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Digital inclusion for people experiencing homelessness: An interview with a Justlife client

  • 5 min read |
  • Posted by Justlife
  • On 05 April 2021

From accessing the latest news and staying in touch with loved ones, to attending meetings and booking appointments, devices have been a critical part of our wellbeing during the pandemic, enabling us to stay connected, informed and productive.

Even though connectivity is an essential cog in our every day lives, many people face strong barriers to accessing digital technology. In this interview, someone experiencing homelessness shares the impact of receiving a tablet device from Justlife.

This digital inclusion project, funded by the MCC, has enabled Justlife to access high-quality, new digital devices for 53 people. The funding has also provided Justlife with a designated staff member who has been able to focus on digital inclusion, and to give the time and support needed to help Unsupported Temporary Accommodation residents get the most out of their new devices.

Receiving a tablet has helped UTA residents become more independent and manage their own online accounts such as Universal Credit, Manchester Move and their bank accounts. It has also helped them improve their wellbeing and combat isolation by enabling them to keep in contact with friends and family, their support workers and other services, as well as engage in leisure activities such as watching videos, reading articles and playing online games etc.

Did you have any access to the internet before receiving the tablet?

No, I never had anything, I’m not very technology minded. So when I got that it was good because it had already been put in, the internet, what I wanted and at the time the pandemic had just started. I had no way of going anywhere to carry on with my work, so it was a godsend, and with the help of that I passed the first part of my exam - which I’m very grateful for. I still use it to this day.

Before the pandemic, how were you accessing the internet?

I used to go to places like [Justlife], places like libraries and stuff so I could access the internet. I’m not even sure if the libraries are open now, and if they are you have to book and that’s not always convenient, you know, if you’re doing something. It’s just a mad world at the moment.

What sort of things have you been using the tablet for?

At the moment I’m doing my LGV driving course, that’s enabled me to better my future, to move on, so I can do some driving. I had to use the internet to pass the first part of my test. I still need to do it, cause I’m going for my second part...with the help of [the tablet], I can still do it. I do worry a bit that I can’t afford to keep buying the credit but I’m trying to get something called a dongle so I don’t have to constantly keep paying bills, because I use it quite often.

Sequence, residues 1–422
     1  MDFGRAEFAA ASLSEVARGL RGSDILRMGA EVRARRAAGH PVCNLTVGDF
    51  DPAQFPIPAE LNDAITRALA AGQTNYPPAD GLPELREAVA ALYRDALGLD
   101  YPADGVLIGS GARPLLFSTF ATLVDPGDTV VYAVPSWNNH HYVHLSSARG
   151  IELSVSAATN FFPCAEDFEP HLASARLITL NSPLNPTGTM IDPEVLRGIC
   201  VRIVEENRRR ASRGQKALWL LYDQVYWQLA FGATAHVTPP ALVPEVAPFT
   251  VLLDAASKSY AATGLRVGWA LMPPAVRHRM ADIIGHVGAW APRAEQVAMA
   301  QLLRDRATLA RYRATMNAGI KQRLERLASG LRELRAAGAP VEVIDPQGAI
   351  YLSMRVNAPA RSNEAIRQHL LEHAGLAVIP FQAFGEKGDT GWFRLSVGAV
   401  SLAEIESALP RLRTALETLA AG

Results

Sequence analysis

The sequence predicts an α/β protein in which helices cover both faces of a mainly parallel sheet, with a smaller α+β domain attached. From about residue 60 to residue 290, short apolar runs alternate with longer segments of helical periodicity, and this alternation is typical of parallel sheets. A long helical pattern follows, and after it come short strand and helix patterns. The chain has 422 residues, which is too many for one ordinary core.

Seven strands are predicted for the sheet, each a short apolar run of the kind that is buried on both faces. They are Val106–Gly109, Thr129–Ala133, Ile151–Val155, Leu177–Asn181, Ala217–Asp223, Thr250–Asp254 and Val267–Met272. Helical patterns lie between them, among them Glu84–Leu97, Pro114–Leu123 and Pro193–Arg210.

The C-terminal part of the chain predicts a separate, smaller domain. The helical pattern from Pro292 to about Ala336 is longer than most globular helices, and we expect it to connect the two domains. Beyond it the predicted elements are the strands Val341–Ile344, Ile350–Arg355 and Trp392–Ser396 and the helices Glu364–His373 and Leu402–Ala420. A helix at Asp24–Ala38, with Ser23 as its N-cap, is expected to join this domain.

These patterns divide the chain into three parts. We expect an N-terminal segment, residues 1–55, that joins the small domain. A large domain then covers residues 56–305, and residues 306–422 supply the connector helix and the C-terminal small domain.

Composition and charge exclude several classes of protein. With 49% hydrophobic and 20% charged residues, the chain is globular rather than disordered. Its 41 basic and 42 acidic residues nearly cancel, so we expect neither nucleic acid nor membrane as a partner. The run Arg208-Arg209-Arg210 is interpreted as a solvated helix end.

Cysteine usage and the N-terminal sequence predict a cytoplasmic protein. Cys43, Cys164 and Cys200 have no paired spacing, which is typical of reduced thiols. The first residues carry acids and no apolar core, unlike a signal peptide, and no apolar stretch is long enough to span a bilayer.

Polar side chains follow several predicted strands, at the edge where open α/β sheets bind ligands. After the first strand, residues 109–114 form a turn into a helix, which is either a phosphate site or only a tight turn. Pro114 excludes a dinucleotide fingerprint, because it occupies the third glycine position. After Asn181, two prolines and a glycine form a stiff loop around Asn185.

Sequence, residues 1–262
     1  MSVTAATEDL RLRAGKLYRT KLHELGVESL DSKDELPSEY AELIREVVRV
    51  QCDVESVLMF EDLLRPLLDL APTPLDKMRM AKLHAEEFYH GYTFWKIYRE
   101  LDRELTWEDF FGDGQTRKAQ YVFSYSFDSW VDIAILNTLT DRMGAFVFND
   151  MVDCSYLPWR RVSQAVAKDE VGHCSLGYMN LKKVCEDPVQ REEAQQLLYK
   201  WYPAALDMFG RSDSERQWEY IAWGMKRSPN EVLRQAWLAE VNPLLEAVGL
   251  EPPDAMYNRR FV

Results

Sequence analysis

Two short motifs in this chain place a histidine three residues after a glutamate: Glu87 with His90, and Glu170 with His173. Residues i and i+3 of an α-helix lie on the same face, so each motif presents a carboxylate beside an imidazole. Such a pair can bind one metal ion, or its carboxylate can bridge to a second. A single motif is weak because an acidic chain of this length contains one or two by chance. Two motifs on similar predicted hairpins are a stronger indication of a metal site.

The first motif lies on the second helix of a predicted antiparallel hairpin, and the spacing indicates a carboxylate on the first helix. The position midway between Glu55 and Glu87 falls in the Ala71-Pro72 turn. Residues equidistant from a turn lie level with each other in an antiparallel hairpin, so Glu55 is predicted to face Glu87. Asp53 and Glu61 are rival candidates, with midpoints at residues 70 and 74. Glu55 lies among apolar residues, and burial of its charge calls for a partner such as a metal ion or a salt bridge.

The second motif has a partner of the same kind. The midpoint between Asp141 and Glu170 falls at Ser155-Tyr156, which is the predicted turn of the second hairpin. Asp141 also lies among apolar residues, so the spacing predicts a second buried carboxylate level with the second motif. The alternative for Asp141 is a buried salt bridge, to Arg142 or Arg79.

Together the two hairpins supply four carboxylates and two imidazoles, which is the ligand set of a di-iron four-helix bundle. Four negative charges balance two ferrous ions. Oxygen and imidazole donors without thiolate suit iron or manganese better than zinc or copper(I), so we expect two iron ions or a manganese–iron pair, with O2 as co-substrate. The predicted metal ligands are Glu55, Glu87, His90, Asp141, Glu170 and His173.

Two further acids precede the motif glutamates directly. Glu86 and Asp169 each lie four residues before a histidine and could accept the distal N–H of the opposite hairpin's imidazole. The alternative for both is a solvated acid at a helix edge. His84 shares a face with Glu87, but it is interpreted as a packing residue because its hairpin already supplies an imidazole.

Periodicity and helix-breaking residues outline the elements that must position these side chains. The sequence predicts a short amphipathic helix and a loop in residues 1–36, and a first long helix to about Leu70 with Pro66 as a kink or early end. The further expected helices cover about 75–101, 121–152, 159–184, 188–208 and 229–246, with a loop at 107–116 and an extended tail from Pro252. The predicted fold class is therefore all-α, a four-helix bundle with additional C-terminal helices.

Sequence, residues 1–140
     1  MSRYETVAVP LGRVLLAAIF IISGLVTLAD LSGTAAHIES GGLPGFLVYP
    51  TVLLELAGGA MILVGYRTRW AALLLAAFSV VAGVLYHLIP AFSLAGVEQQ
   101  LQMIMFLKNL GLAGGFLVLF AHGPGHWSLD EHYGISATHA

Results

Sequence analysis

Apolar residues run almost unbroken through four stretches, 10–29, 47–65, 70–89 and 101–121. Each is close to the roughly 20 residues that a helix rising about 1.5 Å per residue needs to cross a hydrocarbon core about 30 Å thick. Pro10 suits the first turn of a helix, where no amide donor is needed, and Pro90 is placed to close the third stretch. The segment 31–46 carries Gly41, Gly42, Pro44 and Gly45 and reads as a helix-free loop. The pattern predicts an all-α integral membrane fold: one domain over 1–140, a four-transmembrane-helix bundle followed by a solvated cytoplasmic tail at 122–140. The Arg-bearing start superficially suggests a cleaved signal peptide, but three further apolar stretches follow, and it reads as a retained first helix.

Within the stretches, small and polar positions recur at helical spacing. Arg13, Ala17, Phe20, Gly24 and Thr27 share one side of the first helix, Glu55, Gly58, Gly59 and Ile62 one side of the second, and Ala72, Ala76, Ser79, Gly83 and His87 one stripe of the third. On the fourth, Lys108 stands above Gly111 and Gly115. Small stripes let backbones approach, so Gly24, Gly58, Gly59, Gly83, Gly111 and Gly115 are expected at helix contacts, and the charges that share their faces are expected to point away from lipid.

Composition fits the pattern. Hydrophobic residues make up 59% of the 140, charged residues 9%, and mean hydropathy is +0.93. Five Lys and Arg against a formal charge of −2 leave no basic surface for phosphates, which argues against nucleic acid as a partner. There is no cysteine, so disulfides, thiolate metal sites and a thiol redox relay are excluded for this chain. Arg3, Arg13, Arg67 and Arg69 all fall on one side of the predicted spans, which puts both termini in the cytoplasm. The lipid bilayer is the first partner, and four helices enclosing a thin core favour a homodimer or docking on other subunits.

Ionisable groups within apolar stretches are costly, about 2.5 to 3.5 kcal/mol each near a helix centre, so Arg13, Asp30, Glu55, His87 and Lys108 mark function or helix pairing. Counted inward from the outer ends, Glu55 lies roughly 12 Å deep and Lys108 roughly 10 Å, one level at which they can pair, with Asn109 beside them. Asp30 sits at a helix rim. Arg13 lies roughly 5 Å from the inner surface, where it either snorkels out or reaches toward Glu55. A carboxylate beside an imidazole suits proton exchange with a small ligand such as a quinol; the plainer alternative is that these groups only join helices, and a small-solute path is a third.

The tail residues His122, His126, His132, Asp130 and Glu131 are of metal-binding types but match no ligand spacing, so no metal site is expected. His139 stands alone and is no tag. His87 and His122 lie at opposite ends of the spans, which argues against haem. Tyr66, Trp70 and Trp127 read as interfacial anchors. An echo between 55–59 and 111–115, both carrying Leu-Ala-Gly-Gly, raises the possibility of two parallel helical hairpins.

Do you use the tablet for keeping in contact with people?

Only if I’ve got enough data to do it, which is very few and far between, but I do phone them. I’m nearly getting there with how to master to do my [Universal Credit]. It takes a bit of time, it goes round the houses, but I don’t know maybe pushing things wrong or stuff like that. Like I said earlier, I’m not good with technology and I don’t particularly like it and I don’t think I ever will.

Do you think you have improved your technology skills since having the tablet?

Yeah, of course I do, cause I’ve never grown up with it or anything. It’s like anything, if you’re not into it, you don’t like it, you’re not going to put 100% into it. I’ve survived this long without it and, I don’t know, it’s just not something I’ve really really wanted to do. But with that little tablet, it’s so easy, it’s so compact, it’s not complicated, there’s not a load of keys or switches or anything. It’s quite manageable for someone of my capability.

How do you think you would have coped during the pandemic without the tablet?

I would’ve just had to keep going here, there and everywhere. No privacy, you’ve got people talking and everything, maybe I wouldn’t have passed [my first test] without it. I need to concentrate and with that, in my own time, I can just sit there and if I’ve got enough data I don’t have to worry about being called away to do something. So yeah, it’s got its advantages, I like it - i still do.

Have you learnt any new skills from using the tablet? Programmes or apps that you didn’t know how to use before?

I’ve not used millions of apps but obviously I watch YouTube if I’m stuck with something. There’s always somebody on there who can tell you how to do something, for instance, how do you change a plug or something like that - that’s quite good. Also, how to google things, like if I’m doing a bit of research and need to know something. Like I had to find out what ADR meant, it was a French term that they use on the continent that I had to know for my exam. So yeah, its quite good.

Is there anything else you’d like to add?

Just how grateful I am and how fortunate I was to get one, I didn’t see it coming and it was a great help...I’m not looking a gift horse in the mouth, I really appreciate it and I’ve looked after it ever since.

We'd like to thank MCC for making this work possible.